• minimal pulse duration ~30 ns

  • leakage current simulation

  • up to five load capacitors (~100 fF each) connected to preamplifier input

Hans Krüger, University of Bonn


Integrator and charge pumps

Integrator and Charge Pumps

  • switched capacitor charge pump:

    • dQ = (VDDA - VIntRef) · 240 fF, typical charge packet 1.8 · 106 e- (i.e. 140 60 keV photons or 170 photons at 120 keV tube spectrum)

    • 1.7µA maximal current throughput (at 6 MHz clock rate)

  • switched current charge pump

    • packet size controlled by IPump bias DAC and clock rate

  • VIntTh controls charge pump trigger level

Hans Krüger, University of Bonn


Differential current mode logic

Ibias

in

in

out

out

Iload

Load

I  U

Load

I  U

Ibias

½ Ibias

Vlo

Vhi

Vload

'ideal' load characteristic

Differential Current Mode Logic

  • Differential pair with constant bias current Ibias

    • loads generate low voltage swings by I to U conversion

  • An ‘ideal’ load characteristic:

    • Vhi level fixed at maximum possible input voltage (~VDD-Vth –VDsat)

    • Vlow level fixed by the voltage swing required to ‘fully’ switch the current in the cell (~200 mV)

    • plateau at ½ Ibias guarantees equal rise and fall times

    • and all this independent of the absolute value of Ibiasto match given loads and speed requirements

CML principle (inverter)

P. Fischer, E. Kraft, “Low swing differential logic for mixed signal applications”, Nucl. Instr. Meth. A 518 (2004) 511-514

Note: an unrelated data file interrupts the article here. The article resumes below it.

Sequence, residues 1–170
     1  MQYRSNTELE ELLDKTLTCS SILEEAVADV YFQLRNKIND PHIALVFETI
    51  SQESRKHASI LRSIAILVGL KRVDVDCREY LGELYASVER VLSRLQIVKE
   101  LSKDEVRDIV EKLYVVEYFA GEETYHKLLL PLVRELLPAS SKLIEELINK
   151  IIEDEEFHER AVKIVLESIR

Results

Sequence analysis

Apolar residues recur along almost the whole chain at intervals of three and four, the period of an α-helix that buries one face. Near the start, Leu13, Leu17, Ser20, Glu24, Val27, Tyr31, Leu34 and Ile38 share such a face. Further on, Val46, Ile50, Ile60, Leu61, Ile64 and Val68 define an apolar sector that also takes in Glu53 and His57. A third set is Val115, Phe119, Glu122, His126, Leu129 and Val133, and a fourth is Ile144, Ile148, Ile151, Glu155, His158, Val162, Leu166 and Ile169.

Hans Krüger, University of Bonn


Implementation of the load circuit

in

bias

VSS

GND

Implementation of the load circuit

  • Approximation of the ideal load circuit

    • NMOS operated as a current source with adjustable voltage VSS

    • diode connected NMOS (or pn-diode) to ground

  • Vhi increases only little with Ibias

  • Differential swing can be adjusted through VSS

Load

I  U

measured load characteristic

Iload

½ Ibias

Vlo

Vhi

Vload

Hans Krüger, University of Bonn


Motivation

  • Measurements

Hans Krüger, University of Bonn


Photon counter performance

Photon Counter Performance

Hans Krüger, University of Bonn


Integrator noise performance

discretisation limit

perfect

12-bit ADC

Integrator Noise Performance

Poisson SNR limit

Hans Krüger, University of Bonn


Impact of the feedback circuit

Impact of the Feedback Circuit

  • noise performance not optimal but Poisson statistics limits SNR for real X-ray photon detection (60 keV X-rays, CdTe sensor, 320 µs frame time):

    • 100 pA  23 ph, sqrt(23) = 4,8

    • 1 nA  226 ph, sqrt(226) = 15

    • 10 nA  2260 ph, sqrt(2260) = 48

DIRECT injection

via feedback

Poisson SNR limit

Hans Krüger, University of Bonn


Total dynamic range

200 nA

integrator

12 nA

6 MHz max.

pulse frequency

overlap region

66 pA

photon counter

a single pulse

3 pA

Total Dynamic Range

Hans Krüger, University of Bonn


Reconstruction of the mean photon energy

photon counter

overload

original pulse size

integrator lower limit

Reconstruction of the Mean Photon Energy

total energy / photon count

Hans Krüger, University of Bonn


Summary

Summary

  • A readout scheme which is capable of simultaneous counting and integrating absorbed X-ray quanta has been proposed and implemented

  • The multi-stage feedback circuit of the pre-amplifier mirrors the signal current to the integrator and provides leakage current compensation

  • A prototype chip has been submitted and tested and showed the feasibility of the concept

  • The simultaneous operation is fully functional though still impaired by the excess noise of the (not optimized) feedback network

  • A new test chip has been submitted and is currently under study

  • Acknowledgements:

  • Edgar Kraft for the animated ppt – sildes

  • References:

  • E. Kraft et al., “Counting and Integrating Readout for Direct Conversion X-ray Imaging - Concept, Realization and First Prototype Measurement”, Proceedings of the IEEE 2005 NSS/MIC

  • P. Fischer, E. Kraft, “Low swing differential logic for mixed signal applications”, Nucl. Instr. Meth. A 518 (2004) 511-514

Hans Krüger, University of Bonn


  • Login